Wednesday, January 28, 2009

Children’s Nonfiction Magazines – Part I

Happy 1st Birthday INK! And all praise to Linda Salzman for her indefatigable devotion to the cause of nonfiction. This past year we’ve read about dozens of good nonfiction books for kids. But there’s another source of great nonfiction – kids’ magazines. I want to spend my next two blogs reviewing some of them, and hope that readers will add even more. This month I will focus on history and culture, next month on science and nature.

Carus Publications, founder of the venerable Cricket magazine group which mixes fiction and nonfiction, publishes the also-venerable Cobblestone group. While these magazines are naturals for classrooms and libraries, they also bring a wide variety of colorful and up-to date information and activities to kids at home. Each large-format issue focuses on one theme, with short and long articles, sidebars, activities, and plentiful illustrations.

A recent issue of APPLESEEDS , meant for grades 3 and above, focused on food. Its 32 pages of articles ranged from nutrition, to how food is digested, to schoolyard gardens, to international food-aid groups. World-wide food culture was highlighted in features on bread, pizza, noodles, and what kids from various countries eat for breakfast and lunch. History, science, and social studies are well-served. Future 2009 issues will cover poetry, robots, Jane Goodall, spies, and more.

COBBLESTONE focuses on U.S. History for grades 4 and up. An issue on Voices for Peace traced grass-roots opposition to every war in our history – from the Quakers in the Revolution, to Congressmen in the Mexican American War, to nuclear disarmanent in the 1950s, Vietnam in the 1960s, and Iraq today. Features on forming a peace group and using the web are presented, and a resource page of books, websites, and places to visit prompts further research. COBBLESTONE themes, while always historical, are not all political. Upcoming issues will focus on the Brooklyn Bridge and baseball.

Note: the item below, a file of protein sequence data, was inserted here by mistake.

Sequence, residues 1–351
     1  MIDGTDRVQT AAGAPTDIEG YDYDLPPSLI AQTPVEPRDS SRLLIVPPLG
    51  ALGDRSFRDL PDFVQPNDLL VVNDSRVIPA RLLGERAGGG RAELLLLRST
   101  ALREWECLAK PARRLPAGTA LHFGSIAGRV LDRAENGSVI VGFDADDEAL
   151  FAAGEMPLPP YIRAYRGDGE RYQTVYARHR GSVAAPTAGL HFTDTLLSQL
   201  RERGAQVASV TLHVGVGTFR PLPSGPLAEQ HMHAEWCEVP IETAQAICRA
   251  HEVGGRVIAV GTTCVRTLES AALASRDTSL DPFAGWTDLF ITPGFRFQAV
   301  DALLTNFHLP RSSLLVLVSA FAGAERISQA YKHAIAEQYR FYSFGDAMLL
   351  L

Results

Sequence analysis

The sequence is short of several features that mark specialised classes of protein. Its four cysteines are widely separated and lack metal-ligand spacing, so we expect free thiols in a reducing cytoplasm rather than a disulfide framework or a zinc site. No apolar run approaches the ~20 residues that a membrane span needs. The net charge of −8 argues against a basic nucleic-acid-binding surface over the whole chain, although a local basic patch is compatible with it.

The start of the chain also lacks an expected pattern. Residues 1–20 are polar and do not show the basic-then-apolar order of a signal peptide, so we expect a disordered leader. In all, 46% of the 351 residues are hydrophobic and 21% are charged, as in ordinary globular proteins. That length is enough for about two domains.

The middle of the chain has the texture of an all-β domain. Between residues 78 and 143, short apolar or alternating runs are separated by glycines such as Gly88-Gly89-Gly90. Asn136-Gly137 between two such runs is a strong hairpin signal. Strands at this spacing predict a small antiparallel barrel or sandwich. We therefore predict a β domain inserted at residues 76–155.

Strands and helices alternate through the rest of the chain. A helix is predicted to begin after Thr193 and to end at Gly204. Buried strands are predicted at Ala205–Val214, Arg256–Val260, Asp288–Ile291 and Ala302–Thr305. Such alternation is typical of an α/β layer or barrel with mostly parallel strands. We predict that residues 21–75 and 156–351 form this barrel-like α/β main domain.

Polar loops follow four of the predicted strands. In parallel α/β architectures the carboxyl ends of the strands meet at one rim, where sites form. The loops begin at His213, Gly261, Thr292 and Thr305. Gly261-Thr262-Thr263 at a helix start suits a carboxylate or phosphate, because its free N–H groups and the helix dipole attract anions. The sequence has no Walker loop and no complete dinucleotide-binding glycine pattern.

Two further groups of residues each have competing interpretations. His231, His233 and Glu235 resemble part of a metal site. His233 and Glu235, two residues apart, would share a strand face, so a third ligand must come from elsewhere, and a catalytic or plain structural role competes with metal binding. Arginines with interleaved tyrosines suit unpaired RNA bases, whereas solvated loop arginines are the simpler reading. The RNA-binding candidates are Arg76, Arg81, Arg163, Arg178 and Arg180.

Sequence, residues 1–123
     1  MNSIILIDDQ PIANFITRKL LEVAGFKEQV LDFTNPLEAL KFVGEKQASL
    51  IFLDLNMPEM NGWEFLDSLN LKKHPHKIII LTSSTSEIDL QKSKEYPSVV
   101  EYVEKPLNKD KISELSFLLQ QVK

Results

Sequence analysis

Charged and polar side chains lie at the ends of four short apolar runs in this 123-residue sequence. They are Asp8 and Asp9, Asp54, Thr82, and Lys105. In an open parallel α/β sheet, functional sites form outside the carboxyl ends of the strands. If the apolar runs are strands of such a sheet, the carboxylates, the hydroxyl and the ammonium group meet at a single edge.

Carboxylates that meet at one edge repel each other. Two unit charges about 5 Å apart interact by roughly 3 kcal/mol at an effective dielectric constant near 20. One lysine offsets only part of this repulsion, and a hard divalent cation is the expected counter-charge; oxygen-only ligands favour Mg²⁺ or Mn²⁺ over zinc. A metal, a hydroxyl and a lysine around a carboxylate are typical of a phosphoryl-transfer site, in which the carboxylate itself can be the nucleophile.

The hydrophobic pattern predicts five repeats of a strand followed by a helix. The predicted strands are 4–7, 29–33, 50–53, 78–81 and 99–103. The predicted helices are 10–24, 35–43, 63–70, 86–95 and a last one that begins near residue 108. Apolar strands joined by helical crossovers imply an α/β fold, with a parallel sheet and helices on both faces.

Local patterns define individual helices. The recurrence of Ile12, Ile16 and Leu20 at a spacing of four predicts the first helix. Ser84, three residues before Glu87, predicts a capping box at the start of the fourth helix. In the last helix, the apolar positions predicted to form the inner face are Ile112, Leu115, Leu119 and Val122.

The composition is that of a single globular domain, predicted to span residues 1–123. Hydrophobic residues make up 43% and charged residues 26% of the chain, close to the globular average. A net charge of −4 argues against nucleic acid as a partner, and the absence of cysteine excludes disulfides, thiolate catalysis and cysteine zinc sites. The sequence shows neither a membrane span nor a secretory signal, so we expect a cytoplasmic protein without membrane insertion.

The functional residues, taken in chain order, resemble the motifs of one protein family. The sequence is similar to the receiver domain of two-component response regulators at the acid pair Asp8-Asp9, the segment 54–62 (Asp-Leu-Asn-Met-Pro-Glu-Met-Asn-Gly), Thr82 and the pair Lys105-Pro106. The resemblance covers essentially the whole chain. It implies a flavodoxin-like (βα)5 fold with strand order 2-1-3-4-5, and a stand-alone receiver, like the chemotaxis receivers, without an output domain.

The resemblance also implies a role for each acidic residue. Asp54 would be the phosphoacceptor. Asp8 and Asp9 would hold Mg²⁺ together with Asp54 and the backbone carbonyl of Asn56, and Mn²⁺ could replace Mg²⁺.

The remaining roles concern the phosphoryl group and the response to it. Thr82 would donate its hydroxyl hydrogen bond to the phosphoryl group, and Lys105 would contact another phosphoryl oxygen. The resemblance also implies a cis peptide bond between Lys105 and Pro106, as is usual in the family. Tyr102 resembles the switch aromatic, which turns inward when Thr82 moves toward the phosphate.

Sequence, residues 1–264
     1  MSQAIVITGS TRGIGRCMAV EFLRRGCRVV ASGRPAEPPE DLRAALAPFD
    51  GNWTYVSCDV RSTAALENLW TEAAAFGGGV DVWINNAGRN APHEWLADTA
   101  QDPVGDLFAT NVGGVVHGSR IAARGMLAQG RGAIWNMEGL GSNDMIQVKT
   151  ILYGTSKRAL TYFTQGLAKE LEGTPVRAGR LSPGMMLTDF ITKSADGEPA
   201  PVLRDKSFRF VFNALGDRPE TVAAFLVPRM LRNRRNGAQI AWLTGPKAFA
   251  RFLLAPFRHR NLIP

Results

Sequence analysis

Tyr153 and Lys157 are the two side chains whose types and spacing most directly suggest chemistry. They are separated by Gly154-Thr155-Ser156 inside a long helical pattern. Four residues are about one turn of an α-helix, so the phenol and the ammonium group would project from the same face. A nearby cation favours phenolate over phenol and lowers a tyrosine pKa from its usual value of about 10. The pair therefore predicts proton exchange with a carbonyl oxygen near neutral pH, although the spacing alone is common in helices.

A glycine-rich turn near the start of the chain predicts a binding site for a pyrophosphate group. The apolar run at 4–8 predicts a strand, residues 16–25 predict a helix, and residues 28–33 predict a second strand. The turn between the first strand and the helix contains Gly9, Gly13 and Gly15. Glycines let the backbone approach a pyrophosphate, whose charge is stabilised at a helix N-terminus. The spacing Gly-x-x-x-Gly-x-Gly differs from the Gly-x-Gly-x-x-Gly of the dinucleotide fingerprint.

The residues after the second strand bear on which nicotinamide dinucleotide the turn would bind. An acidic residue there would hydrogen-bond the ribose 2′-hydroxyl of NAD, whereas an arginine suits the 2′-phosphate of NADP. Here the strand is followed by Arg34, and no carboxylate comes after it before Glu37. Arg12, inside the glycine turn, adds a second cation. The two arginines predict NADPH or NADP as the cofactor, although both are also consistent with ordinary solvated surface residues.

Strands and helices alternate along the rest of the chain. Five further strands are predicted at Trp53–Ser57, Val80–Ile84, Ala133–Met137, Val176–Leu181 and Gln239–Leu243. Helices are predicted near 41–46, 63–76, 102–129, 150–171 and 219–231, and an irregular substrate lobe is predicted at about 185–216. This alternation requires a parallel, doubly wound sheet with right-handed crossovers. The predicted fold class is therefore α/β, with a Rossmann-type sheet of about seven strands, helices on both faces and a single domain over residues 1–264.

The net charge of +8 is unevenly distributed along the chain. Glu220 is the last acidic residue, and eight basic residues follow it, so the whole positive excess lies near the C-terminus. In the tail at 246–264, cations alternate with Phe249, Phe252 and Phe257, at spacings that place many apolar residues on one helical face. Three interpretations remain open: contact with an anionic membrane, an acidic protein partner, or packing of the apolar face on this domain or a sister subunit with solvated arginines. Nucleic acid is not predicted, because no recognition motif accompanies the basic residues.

Exploring world history, is the sub-title of CALLIOPE, written for grades four and up. A recent issue called A World of Faith featured several articles on each of five major religions, describing history, theology, practices, and holiday celebrations. Further resources, including previous CALLIOPE issues are listed. Themes for future issues include people (Queen Isabella and Michelangelo,) places (Great Wall of China, the Pathenon,) and miscellaneous (meaning of numbers, Aesop (did he exist?) and his fables.)

FACES, for grades 4 and up, also offers an international cultural perspective, but emphasizes contemporary life. Many issues focus on one country. The current Brazil issues present national heroes, favorite sports, food, Carnival, and efforts to save the Amazon rain forest. An ongoing series “XX Around the World” chooses themes like music, play, family life, and food.

My intention in reviewing these magazines is not just to let teachers and librarians know about them, but to encourage writers to write for them. gives editorial and illustration guidelines, and lists of upcoming themes and deadlines for queries. You can also browse through an entire issue of each magazine on the website. Unpublished authors may find it easier to sell a magazine article than to sell a book manuscript, since many articles are needed for these monthly and bimonthly magazines. A few such credits on your résumé will impress book editors as well. As a published author, I have been able to write on topics I have already researched, and thus get a little more publicity for my book on the same subject.

Whoever you are – reader, teacher, librarian, or writer – explore the wonderful world of kid’s nonfiction magazines. And do leave your comments about these or other history/culture magazines.

1 comment:

Ben said...

You should post about Muse. It's my favorite non-fiction magazine.

Ben, age 8